Cool graph, but I don't quite understand it. What is the scale for the y axis? Since you say it is "number of new crates published in each category per year" having an actually numbered scale would be useful.

But I would have expected earlier years to be less overall then, is it scaled so that each year is 100%?

Maybe a better way to visualise this would be with a stacked graph of some sort (so that the whole graph is additive). This would also more clearly show how the total number of new crates varies for each year.

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The scale is relative ranking.

Unfortunately stacked graphs don't scale beyond a few categories, because noise adds up.

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Doesn't stop people (including cratesio for crate downloads) from using them, unfortunately. But if you're graphing proportions and everything always adds up to a flat sum, they're pretty decent at that even if individual category's slices of the pie chart move around.

We're at least partially a victim of overlapping naming here. Proc macros will always necessarily[1] be a separate crate (translation unit). What they absolutely don't need to be is a separate package (publication unit).

And it's worth pointing out that const evaluation and build.rs happens on the host and not the target. Splitting evaluation between what happens at build time in the host context and what happens at runtime in the target context even within a single crate/package isn't all that out there.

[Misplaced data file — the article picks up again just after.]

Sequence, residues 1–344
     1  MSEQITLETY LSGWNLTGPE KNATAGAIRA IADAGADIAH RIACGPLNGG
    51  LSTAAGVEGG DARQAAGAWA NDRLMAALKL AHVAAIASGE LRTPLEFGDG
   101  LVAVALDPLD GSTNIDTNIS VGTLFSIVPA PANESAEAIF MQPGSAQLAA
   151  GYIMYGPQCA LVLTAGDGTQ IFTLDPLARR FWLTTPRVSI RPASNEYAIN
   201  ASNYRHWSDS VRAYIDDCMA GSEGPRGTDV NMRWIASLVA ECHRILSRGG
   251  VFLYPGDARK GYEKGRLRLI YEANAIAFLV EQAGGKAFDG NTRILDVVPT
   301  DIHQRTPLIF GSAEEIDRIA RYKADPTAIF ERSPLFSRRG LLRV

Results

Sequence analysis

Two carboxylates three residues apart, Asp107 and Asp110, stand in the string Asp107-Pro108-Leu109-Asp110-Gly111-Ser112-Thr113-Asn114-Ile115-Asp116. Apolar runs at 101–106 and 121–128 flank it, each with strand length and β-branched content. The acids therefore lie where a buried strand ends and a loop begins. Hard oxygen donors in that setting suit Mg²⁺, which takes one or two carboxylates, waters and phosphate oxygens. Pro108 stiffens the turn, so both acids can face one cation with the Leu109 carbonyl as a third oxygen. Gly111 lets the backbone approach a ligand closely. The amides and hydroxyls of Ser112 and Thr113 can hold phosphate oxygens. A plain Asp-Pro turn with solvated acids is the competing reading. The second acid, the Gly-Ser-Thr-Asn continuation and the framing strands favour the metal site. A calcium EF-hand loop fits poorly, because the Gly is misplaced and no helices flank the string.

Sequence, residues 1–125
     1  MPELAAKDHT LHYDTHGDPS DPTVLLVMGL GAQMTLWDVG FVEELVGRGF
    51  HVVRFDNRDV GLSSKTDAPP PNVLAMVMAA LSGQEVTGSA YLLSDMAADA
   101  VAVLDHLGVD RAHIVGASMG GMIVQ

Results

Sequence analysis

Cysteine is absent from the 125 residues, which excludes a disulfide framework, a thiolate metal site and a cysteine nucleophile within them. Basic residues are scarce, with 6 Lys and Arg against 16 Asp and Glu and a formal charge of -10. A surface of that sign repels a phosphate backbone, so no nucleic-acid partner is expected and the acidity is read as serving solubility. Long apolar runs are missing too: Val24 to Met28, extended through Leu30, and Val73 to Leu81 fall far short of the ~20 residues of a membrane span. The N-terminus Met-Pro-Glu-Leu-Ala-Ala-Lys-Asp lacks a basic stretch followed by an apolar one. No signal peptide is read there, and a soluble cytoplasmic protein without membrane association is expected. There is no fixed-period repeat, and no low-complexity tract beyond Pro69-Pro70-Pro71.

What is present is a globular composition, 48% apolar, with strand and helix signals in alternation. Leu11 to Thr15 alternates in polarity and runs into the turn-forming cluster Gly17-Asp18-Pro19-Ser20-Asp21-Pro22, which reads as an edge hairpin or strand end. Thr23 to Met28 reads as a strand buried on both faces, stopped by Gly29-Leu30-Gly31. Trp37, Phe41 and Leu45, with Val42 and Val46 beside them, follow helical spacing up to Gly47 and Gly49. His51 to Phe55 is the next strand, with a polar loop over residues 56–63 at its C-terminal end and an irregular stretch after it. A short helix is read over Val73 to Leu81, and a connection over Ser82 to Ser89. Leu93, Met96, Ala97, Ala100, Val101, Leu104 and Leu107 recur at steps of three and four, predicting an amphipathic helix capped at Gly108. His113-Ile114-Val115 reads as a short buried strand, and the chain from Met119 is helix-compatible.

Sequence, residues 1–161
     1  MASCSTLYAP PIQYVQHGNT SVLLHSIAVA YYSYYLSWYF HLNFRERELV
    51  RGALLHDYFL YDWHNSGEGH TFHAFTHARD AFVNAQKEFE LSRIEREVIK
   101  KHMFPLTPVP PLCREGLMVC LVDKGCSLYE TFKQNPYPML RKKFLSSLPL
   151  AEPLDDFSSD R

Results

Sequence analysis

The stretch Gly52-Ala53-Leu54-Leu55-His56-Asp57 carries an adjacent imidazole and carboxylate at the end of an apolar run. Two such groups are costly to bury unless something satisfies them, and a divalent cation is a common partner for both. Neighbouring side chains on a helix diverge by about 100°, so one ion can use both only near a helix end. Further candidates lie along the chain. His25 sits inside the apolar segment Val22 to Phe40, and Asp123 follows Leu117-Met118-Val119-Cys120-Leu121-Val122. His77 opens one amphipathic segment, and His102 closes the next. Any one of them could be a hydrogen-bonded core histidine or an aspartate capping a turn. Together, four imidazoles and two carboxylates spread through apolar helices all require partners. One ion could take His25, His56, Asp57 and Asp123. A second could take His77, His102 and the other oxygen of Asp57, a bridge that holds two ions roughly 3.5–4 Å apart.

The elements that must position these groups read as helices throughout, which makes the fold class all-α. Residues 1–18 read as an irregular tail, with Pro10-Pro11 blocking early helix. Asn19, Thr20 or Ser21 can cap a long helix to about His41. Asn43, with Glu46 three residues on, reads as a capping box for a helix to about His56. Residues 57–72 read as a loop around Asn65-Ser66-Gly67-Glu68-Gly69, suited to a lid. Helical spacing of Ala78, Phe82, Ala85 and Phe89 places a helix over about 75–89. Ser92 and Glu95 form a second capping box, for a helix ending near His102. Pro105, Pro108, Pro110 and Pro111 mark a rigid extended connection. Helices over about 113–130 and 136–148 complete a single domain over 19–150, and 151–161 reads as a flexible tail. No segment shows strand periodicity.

"Everything constexpr" may likely be decades away for Rust, but it's possible we'll live to see it.

With wasi+threads, we get surprisingly close to a fully capable POSIX environment. It's (deliberately) not simple to just "turn off" the isolation and you can't just assume link availability of host system library packages, but the functionality is available to implement what's left currently stubbed in std.

Though given the massive overhaul wasi is going through to develop and move to the component model, Rust probably won't move all that meaningfully forward until wasi-preview2 and the wasm component model become available.


  1. well... it would be possible for the compiler to extract and compile the "proc macro part" of a target separately a la const or cfg(test). ↩︎

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The historical data for that is bad because (1) live malware doesn't self declare; (2) malware is deleted as soon as it's found so it would vanish off the graph even if you manually classified it like lib.rs does

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Yes.

I was going to comment that too harsh a “cryptocurrency = malware” comment, as this answer kind-of implies, is probably overly simplistic, and practically I’m still doing that a bit with this comment, anyways, but actually thanks for that link! I’ve never read that “Magic Beans” category description @kornel seems to have put in place there :⁠-⁠D